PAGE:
The magna doodle started out as a relatively benign toy in our household. Its purpose was to introduce the Dumpling to drawing without giving me the anxiety of having to scrub crayons off the walls. Although the most I could get out of her were a bunch of scribbles, I would also take turns doodling to keep her engaged. I turned my sketches into a game where I would ask her to name or pick out the correct animal, object, or letter on the board. The ever changing artwork and the interaction kept her interested and bringing me the magna doodle has become part of her daily play.
Everything changed one day when jigg sketched a “rabbit”. I commented that it looked nothing like what it’s supposed to be and drew my version next to his. He obviously disagreed, so we turned to the Dumpling for the tie breaker. I showed her the board and asked her to find the rabbit. Without hesitation, she pointed to mine.
jigg cried foul and claimed that I had more practice. There was only one thing left to do whenever we have a trivial disagreement – we took our case to Facebook. I posted the below picture and asked our friends to decide: who drew the better bunny? The consensus was that jigg’s looked like a rat.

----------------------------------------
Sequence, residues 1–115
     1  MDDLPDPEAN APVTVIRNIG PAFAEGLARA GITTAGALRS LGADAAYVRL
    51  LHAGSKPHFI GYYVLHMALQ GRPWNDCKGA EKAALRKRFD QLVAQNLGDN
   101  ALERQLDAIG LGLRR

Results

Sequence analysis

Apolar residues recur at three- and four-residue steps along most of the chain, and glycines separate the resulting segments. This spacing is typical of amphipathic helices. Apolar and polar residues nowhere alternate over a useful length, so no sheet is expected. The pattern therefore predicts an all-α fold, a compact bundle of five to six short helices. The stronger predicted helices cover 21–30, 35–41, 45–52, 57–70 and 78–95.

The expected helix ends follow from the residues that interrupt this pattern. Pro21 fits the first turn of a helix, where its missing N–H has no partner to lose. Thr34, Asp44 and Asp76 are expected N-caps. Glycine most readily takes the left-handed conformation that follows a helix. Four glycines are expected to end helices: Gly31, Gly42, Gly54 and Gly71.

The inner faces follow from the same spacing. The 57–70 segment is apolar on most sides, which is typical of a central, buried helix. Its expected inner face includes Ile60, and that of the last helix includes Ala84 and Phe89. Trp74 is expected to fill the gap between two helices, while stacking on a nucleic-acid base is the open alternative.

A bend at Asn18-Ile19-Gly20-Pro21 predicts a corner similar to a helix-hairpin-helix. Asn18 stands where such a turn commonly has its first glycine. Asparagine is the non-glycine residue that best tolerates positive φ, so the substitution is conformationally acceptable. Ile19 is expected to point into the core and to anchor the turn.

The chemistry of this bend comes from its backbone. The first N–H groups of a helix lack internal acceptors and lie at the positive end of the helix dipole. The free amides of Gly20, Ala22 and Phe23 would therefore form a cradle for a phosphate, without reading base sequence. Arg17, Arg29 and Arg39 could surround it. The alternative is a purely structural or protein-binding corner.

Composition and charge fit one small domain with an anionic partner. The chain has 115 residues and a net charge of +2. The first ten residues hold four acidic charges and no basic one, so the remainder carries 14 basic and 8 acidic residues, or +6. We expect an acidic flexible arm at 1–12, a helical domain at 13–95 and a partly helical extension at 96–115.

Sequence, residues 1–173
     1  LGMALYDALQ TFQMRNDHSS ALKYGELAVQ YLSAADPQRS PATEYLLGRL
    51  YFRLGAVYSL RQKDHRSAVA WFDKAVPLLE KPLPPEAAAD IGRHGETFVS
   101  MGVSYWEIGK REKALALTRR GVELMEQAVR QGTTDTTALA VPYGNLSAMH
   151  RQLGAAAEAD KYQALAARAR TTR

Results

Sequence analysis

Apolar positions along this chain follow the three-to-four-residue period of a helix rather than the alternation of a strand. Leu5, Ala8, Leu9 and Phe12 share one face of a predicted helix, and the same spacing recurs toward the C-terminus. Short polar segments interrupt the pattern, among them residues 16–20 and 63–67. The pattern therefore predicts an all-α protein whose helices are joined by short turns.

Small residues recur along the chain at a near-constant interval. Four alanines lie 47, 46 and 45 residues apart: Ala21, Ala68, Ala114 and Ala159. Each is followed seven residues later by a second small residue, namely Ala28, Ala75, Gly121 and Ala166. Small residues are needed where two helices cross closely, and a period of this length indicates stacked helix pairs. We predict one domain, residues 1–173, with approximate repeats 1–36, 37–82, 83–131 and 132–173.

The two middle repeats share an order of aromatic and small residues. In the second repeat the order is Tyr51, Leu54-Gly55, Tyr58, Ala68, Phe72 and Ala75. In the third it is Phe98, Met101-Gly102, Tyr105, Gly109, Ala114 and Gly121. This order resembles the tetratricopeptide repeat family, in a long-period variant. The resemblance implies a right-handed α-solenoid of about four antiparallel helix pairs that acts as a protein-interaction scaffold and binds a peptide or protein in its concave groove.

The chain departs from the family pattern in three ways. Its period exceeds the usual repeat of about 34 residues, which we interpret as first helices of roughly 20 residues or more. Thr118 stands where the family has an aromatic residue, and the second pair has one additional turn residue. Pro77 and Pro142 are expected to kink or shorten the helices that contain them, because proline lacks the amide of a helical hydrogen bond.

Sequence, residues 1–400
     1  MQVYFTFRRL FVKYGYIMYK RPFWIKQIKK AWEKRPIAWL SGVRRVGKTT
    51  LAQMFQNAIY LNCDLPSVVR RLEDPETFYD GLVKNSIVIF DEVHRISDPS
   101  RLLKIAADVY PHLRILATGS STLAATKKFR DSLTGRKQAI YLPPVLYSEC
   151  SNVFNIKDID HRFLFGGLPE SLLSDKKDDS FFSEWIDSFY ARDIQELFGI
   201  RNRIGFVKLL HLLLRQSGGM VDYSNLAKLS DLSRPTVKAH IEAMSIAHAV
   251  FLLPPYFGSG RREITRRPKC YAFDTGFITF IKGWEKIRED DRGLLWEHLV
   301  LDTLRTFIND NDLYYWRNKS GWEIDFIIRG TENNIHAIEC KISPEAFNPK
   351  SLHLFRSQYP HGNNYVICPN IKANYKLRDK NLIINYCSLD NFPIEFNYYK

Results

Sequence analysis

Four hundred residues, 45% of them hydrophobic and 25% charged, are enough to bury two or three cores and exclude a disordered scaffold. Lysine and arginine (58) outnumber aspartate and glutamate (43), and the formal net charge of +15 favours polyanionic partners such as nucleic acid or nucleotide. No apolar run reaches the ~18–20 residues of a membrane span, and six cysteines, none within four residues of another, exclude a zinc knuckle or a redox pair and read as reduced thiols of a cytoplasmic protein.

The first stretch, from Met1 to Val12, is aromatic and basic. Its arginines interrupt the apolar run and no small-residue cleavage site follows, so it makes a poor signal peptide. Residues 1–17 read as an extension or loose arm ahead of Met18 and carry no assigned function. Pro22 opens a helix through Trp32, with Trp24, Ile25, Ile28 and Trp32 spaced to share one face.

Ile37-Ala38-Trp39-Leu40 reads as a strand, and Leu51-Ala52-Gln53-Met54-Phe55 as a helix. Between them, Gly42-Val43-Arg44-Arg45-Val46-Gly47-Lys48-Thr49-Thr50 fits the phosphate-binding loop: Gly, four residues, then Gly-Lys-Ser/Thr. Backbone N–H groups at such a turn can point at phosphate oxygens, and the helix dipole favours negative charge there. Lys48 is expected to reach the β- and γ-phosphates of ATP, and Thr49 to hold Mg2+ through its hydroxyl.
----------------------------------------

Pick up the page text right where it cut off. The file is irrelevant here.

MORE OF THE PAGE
Then came the rematch and then another. What started out as an educational exercise for the Dumpling somehow morphed into an ongoing doodle war between jigg and me. The rules are simple: jigg and I each have half the board to draw the same animal that we take turns selecting (the Dumpling currently can correctly identify 30+ animals, so we have a sizable pool to pick from). We then present our work and ask her to point out the animal. Whichever one she selects first is the winner.
As the Dumpling assessed our work, it was interesting for jigg and me to analyze her thought process. At 20 months, she is able to pick up certain physical traits unique to specific animals even if they’re poorly drawn: cats have pointy ears and whiskers; crabs have claws; fish have fins; etc. Although her speech is still limited (we were told that speech development for children growing up in bilingual households take a bit longer), she displays her understanding by identifying an animal in one of three ways depending on what is easier for her to vocalize – by its English or Chinese name, or the sound the animal makes. It’s assuring to know that she can connect the same thing in multiple forms. For example, she understands that “moo”, “cow,” and “ngau” (Chinese for cow) are associated with cow, but she can only say “moo” and “ngau”.
The Dumpling also turned out to be a fair and honest judge in our doodle wars. Sometimes she would just stare and stare and wouldn’t be able to find the animal she was supposed to be looking for. In that case, it means that jigg and my drawings both suck.
To be honest, my art skills are probably slightly better than average at best. Even though jigg is currently ahead in the doodle wars, it makes me happy when my daughter picks mine. That means she [sometimes] “gets me”.